Intellectual property litigators are, by their very nature, interdisciplinary creatures who weave together different strands of the law to effectively advocate for their clients. Lately, however, the fabric of successful litigation has gotten a little more frayed by the pulls of globalization, e-discovery, and data protection.

On Aug. 24, the U.S. District Court for the Central District of California affirmed a critical May 29 discovery decision by the magistrate judge in Columbia Pictures Industries v. Bunnell. While this decision has received much attention in e-discovery circles, the court’s ruling on random access memory has overshadowed a larger lesson about international e-discovery and the impossible decision that may face IP litigators: to choose between potentially violating the law of a foreign country and risking discovery sanctions at home.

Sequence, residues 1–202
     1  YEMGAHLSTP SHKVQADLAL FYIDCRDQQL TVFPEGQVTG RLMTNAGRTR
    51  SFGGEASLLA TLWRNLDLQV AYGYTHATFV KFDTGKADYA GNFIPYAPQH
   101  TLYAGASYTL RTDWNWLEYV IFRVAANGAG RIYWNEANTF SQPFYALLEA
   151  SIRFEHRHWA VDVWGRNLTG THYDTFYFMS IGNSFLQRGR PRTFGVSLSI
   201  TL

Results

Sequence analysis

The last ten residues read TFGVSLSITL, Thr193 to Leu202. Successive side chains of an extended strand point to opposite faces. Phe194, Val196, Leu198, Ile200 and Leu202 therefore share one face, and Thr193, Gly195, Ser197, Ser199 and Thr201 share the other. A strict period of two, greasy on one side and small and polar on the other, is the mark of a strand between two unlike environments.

This content has been archived. It is available through our partners, LexisNexis® and Bloomberg Law.

To view this content, please continue to their sites.

Not a Lexis Advance® Subscriber?
Subscribe Now

Not a Bloomberg Law Subscriber?
Subscribe Now

Why am I seeing this?

LexisNexis® and Bloomberg Law are third party online distributors of the broad collection of current and archived versions of ALM's legal news publications. LexisNexis® and Bloomberg Law customers are able to access and use ALM's content, including content from the National Law Journal, The American Lawyer, Legaltech News, The New York Law Journal, and Corporate Counsel, as well as other sources of legal information.

For questions call 1-877-256-2472 or contact us at [email protected]